A holistic approach to treating Veterans with mental illness

Dr. Donna explains why she’s a fan of VHA’s holistic approach to mental illness


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Dr. Donna has been a staff psychologist at VA for 26 years. Recently she began running a new program called the Psychosocial Rehabilitation and Recovery Center, which supports VA’s holistic approach to the treatment of mental illness.

 “I’m thrilled to work at VA because there’s so much opportunity and openness to trying innovative things and prioritizing the patient at the center of the care. I don’t even like to use the word ‘patient’; I think it’s Veteran-centered care here.”

Find out more about Dr. Donna’s experience as a VHA psychologist working in a Veteran-centered environment for over two decades.

Partnering with Veterans

“At VHA we look at the whole picture of the person and develop a Veteran-centered program that’s going to address their problem. This Veteran-centered culture has been remarkable for seeing this change. It’s been a personal journey for me, too, learning it’s not all about the medication.

“Our program focuses on the rehabilitation of the Veteran and partnering with the Veteran to ask: What is it that you want to do with your life? We can focus on what’s right with them and then we build an individual education program around what they want.”

A whole approach to Veteran care

“We focus on a Veteran’s strengths, needs and preferences. The VA has been very proactive in looking at holistic treatments. This particular facility is developing an entire building that’s going to be devoted to acupuncture, yoga-based wellness, tai chi, and massage. It’s empowering the Veteran to be involved in every aspect of their care. What I see every day are these little recovery journeys.”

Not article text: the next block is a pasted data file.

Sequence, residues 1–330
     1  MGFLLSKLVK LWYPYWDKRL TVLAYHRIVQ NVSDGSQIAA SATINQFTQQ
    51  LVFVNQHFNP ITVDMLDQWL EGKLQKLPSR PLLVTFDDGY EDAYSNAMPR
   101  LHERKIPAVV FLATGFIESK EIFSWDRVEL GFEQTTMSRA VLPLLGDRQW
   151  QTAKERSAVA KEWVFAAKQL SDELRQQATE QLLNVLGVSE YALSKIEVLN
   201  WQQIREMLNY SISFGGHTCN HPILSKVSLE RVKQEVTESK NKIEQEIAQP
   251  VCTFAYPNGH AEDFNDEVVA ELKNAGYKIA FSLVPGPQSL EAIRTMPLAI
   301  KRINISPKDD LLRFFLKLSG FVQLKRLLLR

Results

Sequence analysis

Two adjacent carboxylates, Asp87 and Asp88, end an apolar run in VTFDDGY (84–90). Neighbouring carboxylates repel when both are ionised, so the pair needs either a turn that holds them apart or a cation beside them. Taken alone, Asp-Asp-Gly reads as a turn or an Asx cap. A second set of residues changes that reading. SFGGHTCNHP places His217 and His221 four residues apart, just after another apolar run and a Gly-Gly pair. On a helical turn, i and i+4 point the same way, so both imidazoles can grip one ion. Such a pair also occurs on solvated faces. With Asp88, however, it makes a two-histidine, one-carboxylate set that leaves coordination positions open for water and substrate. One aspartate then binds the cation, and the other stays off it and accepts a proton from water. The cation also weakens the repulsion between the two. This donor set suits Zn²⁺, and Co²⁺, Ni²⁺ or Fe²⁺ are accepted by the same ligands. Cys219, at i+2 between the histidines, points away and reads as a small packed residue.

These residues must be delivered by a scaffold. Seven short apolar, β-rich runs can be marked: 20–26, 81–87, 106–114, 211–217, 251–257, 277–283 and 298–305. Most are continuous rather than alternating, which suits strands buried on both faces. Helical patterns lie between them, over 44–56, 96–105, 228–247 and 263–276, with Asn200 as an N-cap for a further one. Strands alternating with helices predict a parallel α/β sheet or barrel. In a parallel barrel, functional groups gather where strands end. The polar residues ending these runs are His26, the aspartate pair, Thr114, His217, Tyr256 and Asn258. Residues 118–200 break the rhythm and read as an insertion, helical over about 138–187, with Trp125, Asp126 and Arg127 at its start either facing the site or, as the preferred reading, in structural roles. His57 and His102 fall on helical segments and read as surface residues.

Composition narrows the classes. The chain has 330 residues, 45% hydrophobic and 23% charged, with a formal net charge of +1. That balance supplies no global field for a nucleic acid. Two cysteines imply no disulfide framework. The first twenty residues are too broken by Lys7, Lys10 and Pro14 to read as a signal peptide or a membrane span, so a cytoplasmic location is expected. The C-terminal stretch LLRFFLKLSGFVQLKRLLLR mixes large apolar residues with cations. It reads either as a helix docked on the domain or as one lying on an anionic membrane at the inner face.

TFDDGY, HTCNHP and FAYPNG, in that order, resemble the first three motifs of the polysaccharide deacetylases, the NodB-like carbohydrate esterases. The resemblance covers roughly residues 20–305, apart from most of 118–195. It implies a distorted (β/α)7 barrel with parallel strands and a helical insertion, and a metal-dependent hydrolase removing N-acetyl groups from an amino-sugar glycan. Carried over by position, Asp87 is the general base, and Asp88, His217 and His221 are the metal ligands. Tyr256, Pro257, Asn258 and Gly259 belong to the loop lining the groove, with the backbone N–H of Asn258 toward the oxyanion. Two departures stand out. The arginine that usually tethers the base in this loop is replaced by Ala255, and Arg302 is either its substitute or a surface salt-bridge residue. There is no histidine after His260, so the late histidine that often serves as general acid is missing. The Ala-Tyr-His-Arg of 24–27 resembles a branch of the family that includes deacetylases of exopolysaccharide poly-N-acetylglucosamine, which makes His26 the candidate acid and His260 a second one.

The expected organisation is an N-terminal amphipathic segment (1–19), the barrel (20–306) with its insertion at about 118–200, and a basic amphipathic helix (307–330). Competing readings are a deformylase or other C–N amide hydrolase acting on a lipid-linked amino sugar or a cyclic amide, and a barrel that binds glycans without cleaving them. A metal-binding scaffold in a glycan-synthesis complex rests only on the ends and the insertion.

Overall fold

A collaborative and multidisciplinary environment

“It’s a wonderful place to work. The VA is supportive of research, teaching, and any kind of innovations that you’re interested in that are Veteran-centered. I have so much gratification doing these things with my Veterans myself. I roll up my sleeves and lead by doing; I lead by service. At the core, you have to want to serve. I feel privileged to serve those who serve us.”

 Explore opportunities to work as a psychologist with VHA. Don’t wait – Join VA now. Or, consider volunteering your time and talents to help our Nation’s Veterans through Care Enough to Share .

Of course, we have many other opportunities in mental health and other health care disciplines. Check out all our current job openings at VA Careers.

Author

Dan Green

Comments

  1. Alejandro Granado    

    It is good to see that there is still VA personnel who like to provide medical support to combat veterans. To the contrary, there is also still certain VA staff members and DFAS personnel who enjoy having a psychological impact on disabled veterans. Certain VA personnel here at the Mission Valley VA in San Diego, California has agreed with DFAS personnel that I have a VA waiver so I am not entitled to receive both checks, VA disability and my retirement. Even though I have a letter from the Department of the Army when I applied for combat related special compensation which my application was denied precisely for that reason, I DO NOT have a VA waiver! Yet, this was not enough because DFAS decided to take it a step further. They claimed that I have an overpayment which has led to a debt. I was retired under Army Regulation 635-40 which states if the “unfit conditions” are “permanent and stable” as stated on DA-form 199 then the Physical Evaluation Board should award the soldier 80% but I was only awarded 60% so obviously there is NO DEBT! This nonsense has continued to this present day since June 1, 2015 so now you have an honorably discharged veteran who cannot apply and receive: 1) 9/11 G.I. Bill 2) Vocational Rehab due to my Spinal Cord injury 3) Small business or VA home loan 4) any other benefits or services that are provided to honorably discharged veterans. “I would like to wish everyone a Happy but Safe Holiday Season” ~~~Dr. Donna I will probably see ya next year because you have no idea how much of an “psychological impact” this has had on me.~~~!!!

  2. Evelyn Duncan    

    I feel your pain. But through experience, I’ve found that all VA medical centers are not the same. There seems to be a whole different outlook on mental illness in the southern states. I had to leave my state of residence in order to get some desperately needed help for my mental health issues. I was shoved more medications Everytime I made a complaint. Although I couldn’t afford to travel, I was desperate and I got the help I needed. However my trust issues and social anxiety are considerably worse after constant confrontations about medications and treatment. If. You can’t trust your doctor who can you trust.

  3. Russell Abel